Oshawa, ON – Ontario’s provincial government is providing more than $5 million to fund innovative research projects in the cleantech sector, an area of the economy that brings together environmental solutions and economic potential.
“Research and innovation has a major role to play in helping us reach our targets for greenhouse gas reductions and transforming Ontario into a green economy. Becoming a leader in green technology will translate into better jobs for Ontarians and healthier, stronger and more successful communities all across the province,” said John Gerretsen, the province’s minister of the environment.
The projects receiving funding are as follows, by university:
University of Ontario Institute of Technology:
– Dr Greg Naterer. Creating cleaner, energy-efficient power sources. Provincial Funding: $125,000. Ontario’s dependence on imported fossil fuels for the energy requirements of society and industry is environmentally and economically unsustainable. Dr Greg Naterer at the University of Ontario Institute of Technology is developing new energy technologies that include thermochemical hydrogen production, micro energy sources powered by nanotechnology and “entropy-based design” to improve energy efficiency. His research will reduce the environmental impact and greenhouse gas emissions of power systems, as well as develop technology commercialization opportunities for the province’s energy sector.
University of Toronto:
– Dr Vy Dong. Developing new tools for constructing organic molecules. Provincial Funding: $380,000. Organic molecules are carbon-containing compounds that make up important goods all around us, including our food, pharmaceuticals, clothing and fuels. Research in organic synthesis is therefore essential to our ability to make useful organic products. At the Modern Laboratory for Innovation in Organic Synthesis and Catalysis at the University of Toronto, researchers are inventing better tools for constructing various organic molecules. Ultimately, this research will lead to more efficient, environmentally-friendly and less wasteful processes for synthesizing drug candidates and other innovative materials.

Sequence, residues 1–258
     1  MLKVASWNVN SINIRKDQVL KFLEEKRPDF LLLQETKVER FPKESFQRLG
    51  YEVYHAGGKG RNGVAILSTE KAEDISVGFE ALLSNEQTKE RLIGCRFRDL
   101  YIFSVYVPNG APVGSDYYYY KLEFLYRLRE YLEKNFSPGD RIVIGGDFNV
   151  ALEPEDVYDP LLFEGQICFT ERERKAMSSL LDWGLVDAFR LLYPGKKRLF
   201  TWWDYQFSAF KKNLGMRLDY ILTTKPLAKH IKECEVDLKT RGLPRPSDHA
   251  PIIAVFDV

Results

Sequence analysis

– Dr Elizabeth Edwards. Developing solutions for pressing environmental and energy problems. Provincial Funding: $218,144. Motivated by health, environmental and economic security, the 21st century is poised to be the century of biotechnology. With roughly 10 per cent of the world’s forests, seven per cent of its fresh water and a highly educated research community, Canada has the potential to become a world leader in biotechnologies in the areas of renewable energy and materials, clean soil and water. At BioZone, a unique research facility at the University of Toronto, Dr Elizabeth Edwards heads a multidisciplinary team of scientists engaged in developing solutions for pressing problems in energy and the environment.